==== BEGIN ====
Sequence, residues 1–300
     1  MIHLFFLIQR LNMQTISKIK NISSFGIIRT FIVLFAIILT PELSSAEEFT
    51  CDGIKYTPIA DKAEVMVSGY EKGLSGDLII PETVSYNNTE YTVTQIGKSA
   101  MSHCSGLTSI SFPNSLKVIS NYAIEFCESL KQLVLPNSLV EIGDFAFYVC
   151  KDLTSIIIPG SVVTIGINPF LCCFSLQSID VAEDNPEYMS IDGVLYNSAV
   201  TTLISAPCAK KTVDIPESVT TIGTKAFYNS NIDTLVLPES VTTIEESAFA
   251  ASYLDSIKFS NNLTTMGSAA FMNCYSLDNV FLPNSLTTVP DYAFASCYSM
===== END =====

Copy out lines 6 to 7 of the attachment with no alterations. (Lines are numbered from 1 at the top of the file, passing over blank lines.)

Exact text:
   201  TTLISAPCAK KTVDIPESVT TIGTKAFYNS NIDTLVLPES VTTIEESAFA
   251  ASYLDSIKFS NNLTTMGSAA FMNCYSLDNV FLPNSLTTVP DYAFASCYSM